Energy & Environment

Thousands call on Olive Garden to improve food, labor policies

Courtesy Friends of the Earth

Environmental groups are calling on Olive Garden to improve the national restaurant chain’s food-sourcing and labor practices. 

More than 130,000 people signed a petition generated by the Good Food Now campaign — a partnership of Friends of the Earth, Restaurant Opportunities Center United, the Food Chain Workers Alliance, the Center for Biological Diversity, the Unitarian Universalist Service Committee, Green America and the Animal Welfare Institute.

{mosads}The petition will be hand-delivered to Olive Garden restaurants in New York City, Washington, D.C., Chicago, Los Angeles, Boston and San Francisco on Thursday.

The petition specifically calls on the chain’s parent company, Darden Restaurants Inc., to reduce meat and dairy purchases by 20 percent; source meat from producers that adhere to verifiable, higher-than-industry animal-welfare standards and do not administer routine antibiotics; improve worker wages; and increase local and organic options.

“While Olive Garden claims to be sourcing its food responsibly, serving meat and dairy produced in polluting factory farms with routine antibiotics is anything but responsible,” Kari Hamerschlag, deputy director of Friends of the Earth’s Food and Technology program, said in a statement. “To stay competitive, Olive Garden must give food-conscious families what they want: healthier, local and organic options — including more plant-based entrees and more humane meat raised without routine antibiotics.”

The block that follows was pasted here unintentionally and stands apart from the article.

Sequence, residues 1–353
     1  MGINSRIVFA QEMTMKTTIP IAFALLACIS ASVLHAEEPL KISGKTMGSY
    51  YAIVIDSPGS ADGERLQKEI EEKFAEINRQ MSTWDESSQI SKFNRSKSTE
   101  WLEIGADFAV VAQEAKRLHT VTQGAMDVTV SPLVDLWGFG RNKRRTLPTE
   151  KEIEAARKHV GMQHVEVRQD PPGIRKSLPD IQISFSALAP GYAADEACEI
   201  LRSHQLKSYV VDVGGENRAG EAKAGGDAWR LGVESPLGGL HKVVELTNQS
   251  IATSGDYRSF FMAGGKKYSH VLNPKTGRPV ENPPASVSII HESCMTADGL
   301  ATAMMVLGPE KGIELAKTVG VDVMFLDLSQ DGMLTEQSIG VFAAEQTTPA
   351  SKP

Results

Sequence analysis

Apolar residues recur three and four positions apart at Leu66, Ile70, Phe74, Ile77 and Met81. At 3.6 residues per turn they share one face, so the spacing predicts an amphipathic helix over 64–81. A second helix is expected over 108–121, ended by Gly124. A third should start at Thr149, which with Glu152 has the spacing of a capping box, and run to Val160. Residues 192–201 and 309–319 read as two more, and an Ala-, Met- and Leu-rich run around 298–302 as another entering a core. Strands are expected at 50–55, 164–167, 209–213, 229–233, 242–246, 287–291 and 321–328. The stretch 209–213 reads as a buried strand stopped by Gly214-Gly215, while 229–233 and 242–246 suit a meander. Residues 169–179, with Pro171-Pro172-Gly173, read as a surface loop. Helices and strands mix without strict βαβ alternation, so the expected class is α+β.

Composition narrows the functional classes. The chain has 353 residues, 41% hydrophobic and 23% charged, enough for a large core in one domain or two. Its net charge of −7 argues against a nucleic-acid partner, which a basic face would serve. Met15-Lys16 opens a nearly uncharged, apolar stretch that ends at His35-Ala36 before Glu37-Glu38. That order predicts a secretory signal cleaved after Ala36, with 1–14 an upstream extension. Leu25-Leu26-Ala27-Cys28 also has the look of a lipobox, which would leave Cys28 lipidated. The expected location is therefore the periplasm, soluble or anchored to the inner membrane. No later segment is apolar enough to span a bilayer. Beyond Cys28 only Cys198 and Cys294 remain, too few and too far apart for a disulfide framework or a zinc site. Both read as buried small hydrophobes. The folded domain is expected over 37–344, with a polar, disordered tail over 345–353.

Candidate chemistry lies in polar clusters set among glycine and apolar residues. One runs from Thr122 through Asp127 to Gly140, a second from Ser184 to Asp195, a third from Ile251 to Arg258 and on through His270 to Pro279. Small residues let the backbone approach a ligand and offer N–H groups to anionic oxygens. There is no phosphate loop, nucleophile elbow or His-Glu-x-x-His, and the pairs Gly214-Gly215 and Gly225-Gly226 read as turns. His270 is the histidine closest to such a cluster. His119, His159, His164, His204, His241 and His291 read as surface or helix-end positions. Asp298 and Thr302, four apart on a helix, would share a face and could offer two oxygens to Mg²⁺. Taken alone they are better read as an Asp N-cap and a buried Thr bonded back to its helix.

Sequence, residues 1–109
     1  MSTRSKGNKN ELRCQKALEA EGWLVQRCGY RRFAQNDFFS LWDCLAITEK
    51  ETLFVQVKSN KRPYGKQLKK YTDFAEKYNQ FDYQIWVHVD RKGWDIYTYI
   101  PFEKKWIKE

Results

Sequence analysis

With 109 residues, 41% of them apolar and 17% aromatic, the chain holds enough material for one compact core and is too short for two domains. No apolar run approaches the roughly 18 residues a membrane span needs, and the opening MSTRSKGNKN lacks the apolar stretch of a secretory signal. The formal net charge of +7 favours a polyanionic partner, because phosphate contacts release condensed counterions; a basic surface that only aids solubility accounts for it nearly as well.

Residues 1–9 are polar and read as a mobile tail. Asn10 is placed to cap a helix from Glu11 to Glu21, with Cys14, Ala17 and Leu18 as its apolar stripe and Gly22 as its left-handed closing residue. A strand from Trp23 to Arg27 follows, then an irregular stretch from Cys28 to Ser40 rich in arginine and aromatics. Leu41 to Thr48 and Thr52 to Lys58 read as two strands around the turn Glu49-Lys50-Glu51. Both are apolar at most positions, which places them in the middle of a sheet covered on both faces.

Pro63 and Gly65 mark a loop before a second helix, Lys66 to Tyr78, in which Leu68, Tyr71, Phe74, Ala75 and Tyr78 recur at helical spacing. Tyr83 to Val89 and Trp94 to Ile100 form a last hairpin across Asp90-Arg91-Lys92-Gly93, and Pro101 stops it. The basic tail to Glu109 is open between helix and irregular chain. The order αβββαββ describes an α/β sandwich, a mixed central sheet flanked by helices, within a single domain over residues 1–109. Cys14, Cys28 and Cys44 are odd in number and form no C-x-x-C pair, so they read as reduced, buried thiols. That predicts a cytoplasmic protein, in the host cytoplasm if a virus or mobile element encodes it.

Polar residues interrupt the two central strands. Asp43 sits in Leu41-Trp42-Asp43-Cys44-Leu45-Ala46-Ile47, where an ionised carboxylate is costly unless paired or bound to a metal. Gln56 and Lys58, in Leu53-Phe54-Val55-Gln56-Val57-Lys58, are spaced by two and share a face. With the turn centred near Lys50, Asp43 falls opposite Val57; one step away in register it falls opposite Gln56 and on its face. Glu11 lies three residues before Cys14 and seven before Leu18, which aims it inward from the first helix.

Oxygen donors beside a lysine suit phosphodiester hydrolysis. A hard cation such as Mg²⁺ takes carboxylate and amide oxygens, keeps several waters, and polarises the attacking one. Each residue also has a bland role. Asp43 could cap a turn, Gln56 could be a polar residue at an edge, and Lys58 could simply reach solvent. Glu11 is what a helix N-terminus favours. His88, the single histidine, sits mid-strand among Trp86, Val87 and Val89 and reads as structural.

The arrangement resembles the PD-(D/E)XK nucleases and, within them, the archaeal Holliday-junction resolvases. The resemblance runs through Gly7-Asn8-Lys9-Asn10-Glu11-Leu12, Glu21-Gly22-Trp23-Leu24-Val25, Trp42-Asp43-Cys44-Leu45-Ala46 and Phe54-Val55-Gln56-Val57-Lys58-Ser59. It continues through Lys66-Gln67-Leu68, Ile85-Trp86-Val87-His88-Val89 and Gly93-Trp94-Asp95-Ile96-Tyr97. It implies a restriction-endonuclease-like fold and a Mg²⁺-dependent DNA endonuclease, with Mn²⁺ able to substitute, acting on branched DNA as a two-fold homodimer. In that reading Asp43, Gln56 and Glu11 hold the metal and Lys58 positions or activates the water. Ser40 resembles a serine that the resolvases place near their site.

Good Food Now said the company has already agreed to phase out battery cages for egg-laying hens by 2018 and gestation crates that severely restrict the movement of pregnant pigs by 2025 from its supply chain.

Environmental and animal welfare groups, however, said Olive Garden still has a long way to go.

Darden’s Spokesman Rich Jeffers told The Hill Olive Garden listens to the preferences of its guests and will continue to evolve to address their needs. He said the company has already committed to switching to cage-free eggs by 2018 and cage-free pork by 2025.

“We talk to 300,000 guests a month, 4 million guests a year, we will continue to evolve and evolve at a pace that’s right for our business not at the demands of an organization that closely aligned with the Restaurant Opportunities Center-United.” 

Jeffers said the group has waged a disparaging campaign against the restaurant.

“We’re not going to deal with people who do business through intimidation and harassment,” he said.

Tags Food Livestock Meat industry


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